The Koch brothers are about to launch a new criminal justice reform project

Billionaires Charles and David Koch are set to announce a new program dedicated to criminal justice reform.

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The industrialist brothers will unveil “Safe Streets and Second Chances” at the Koch network’s annual winter donor meeting in Palm Springs, California, The Washington Examiner reported on Wednesday. Hundreds of donors will convene to discuss policy and the 2018 midterms elections.

The program will be launched in Florida, Louisiana, Texas and Pennsylvania, and will aim to study ways to “shift America’s criminal justice system from a focus on punishment to prioritizing rehabilitation, in a bid to reduce recidivism.”

“Over 95 percent of people who are incarcerated will eventually be released, so it’s in everyone’s best interests to make sure that these individuals are better when they leave prison than before they went in,” Mark V. Holden, senior vice president and general counsel of Koch Industries told the Examiner.

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“The vision of ‘Safe Streets and Second Chances’ is that, rather than waiting until the end of an individual’s sentence, the reentry process should begin on day one,” Holden added.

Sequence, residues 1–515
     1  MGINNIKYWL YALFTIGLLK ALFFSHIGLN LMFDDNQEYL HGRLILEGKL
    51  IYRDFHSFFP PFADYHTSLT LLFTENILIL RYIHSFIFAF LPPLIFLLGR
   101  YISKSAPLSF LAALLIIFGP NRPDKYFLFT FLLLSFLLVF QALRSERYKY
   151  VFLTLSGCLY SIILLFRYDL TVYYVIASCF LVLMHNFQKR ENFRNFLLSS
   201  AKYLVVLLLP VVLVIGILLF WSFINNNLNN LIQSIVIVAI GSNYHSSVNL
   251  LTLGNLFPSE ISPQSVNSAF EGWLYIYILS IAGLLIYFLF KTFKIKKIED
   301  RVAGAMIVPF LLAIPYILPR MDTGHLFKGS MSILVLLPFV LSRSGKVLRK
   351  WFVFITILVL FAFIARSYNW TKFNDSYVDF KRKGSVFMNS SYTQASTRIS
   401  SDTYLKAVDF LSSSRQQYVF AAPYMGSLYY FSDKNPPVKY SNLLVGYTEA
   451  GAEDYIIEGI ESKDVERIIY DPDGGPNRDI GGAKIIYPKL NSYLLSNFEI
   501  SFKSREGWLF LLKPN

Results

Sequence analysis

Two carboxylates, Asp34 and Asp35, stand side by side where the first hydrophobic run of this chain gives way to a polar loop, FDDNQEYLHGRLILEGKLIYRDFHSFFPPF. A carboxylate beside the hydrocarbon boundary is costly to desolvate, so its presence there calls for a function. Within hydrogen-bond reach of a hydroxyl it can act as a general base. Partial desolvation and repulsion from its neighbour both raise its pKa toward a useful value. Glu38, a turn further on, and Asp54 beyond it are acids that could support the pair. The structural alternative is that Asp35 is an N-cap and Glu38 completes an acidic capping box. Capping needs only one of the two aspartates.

The libertarian-leaning Koch brothers have long been passionate about criminal justice reform, arguing that reform would reduce the prison population while saving American taxpayers billions of dollars.

Advocating for criminal justice reform is not new for the Kochs. In a 2015 op-ed for Politico on the problem of overcriminalization, Charles Koch and Holden declared, “Reversing overcriminalization and mass incarceration will improve societal well-being in many respects, most notably by decreasing poverty.”

“Fixing our criminal system could reduce the overall poverty rate as much as 30 percent, dramatically improving the quality of life throughout society—especially for the disadvantaged,” the authors wrote, urging changes to existing law.

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